The colossal scale of World War II required a mobilization effort greater than anything attempted in all of the world's history. The United States had to fight a war across two oceans and three continents--and to do so, it had to build and equip a military that was all but nonexistent before the war began. Never in the nation's history did it have to create, outfit, transport, and supply huge armies, navies, and air forces on so many distant and disparate fronts.
The Axis powers might have fielded better-trained soldiers, better weapons, and better tanks and aircraft, but they could not match American productivity. The United States buried its enemies in aircraft, ships, tanks, and guns; in this sense, American industry and American workers, won World War II. The scale of the effort was titanic, and the result historic. Not only did it determine the outcome of the war, but it transformed the American economy and society. Maury Klein's A Call to Arms is the definitive narrative history of this epic struggle--told by one of America's greatest historians of business and economics--and renders the transformation of America with a depth and vividness never available before.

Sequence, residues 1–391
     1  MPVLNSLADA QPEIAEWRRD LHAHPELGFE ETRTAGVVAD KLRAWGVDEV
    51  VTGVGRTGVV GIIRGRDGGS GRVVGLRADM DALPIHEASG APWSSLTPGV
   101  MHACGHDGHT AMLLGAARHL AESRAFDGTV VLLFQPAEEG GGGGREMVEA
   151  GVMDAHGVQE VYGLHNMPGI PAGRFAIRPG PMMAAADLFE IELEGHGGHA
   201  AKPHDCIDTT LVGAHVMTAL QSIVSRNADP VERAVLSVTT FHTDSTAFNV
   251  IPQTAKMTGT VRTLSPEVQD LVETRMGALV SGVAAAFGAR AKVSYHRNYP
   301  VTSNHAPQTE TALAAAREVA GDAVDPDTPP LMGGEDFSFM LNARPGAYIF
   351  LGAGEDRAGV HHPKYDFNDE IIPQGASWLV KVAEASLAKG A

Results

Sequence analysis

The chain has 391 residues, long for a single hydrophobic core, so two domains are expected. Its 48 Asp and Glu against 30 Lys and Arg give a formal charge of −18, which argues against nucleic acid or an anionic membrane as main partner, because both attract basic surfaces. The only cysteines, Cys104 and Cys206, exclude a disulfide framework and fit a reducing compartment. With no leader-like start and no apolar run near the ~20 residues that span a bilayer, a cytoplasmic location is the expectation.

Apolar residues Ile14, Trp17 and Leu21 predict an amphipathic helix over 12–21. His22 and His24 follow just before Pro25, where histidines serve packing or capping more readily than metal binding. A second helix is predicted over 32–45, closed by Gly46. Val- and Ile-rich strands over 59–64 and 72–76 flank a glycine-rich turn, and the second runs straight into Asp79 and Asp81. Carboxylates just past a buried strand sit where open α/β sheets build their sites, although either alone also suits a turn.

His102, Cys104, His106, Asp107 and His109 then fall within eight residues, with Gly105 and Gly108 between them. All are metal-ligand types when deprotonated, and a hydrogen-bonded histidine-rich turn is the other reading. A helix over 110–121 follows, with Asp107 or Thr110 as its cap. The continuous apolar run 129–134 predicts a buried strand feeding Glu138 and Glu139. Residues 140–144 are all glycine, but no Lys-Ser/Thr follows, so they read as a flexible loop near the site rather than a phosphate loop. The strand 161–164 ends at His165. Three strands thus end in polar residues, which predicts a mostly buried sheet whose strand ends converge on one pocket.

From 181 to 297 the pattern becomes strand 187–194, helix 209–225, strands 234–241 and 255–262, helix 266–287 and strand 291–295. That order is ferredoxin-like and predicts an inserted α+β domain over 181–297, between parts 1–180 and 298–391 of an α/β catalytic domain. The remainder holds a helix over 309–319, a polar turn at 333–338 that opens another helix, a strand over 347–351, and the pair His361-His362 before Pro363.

It s hard to imagine how a book about the sudden wartime awakening of an industrial power could be fast-paced and readable. Yet Klein (The Power Makers), an experienced historian of the 20th-century American economy (he s professor emeritus of history at the University of Rhode Island), pulls it off. His coverage of the organization of American institutional, economic, military, and governmental might for WWII is both sobering and inspiring the former because of the obstacles to achieving wartime preparedness, the latter for the eventual success of the mobilization. All in all, the book is a comprehensive look at the greatest industrial expansion in modern history. Scarcely an industry, government agency, public official, or wartime effort escapes Klein s attention, and he writes with uncommon verve and vividness his intimate portraits of individuals are themselves worth the cost of this hefty tome. In many ways, the book is reminiscent of Arthur Schlesinger s earlier, sweeping volumes on the early New Deal (e.g., The Vital Center) uncommonly perceptive, enjoyably readable, and authoritative. The sole fault of Klein s book is its lack of theme or unifying argument. That said, in both aspiration and execution, this fine history easily surpasses Arthur Herman s Freedom s Forge (2012) in its coverage of the same subject.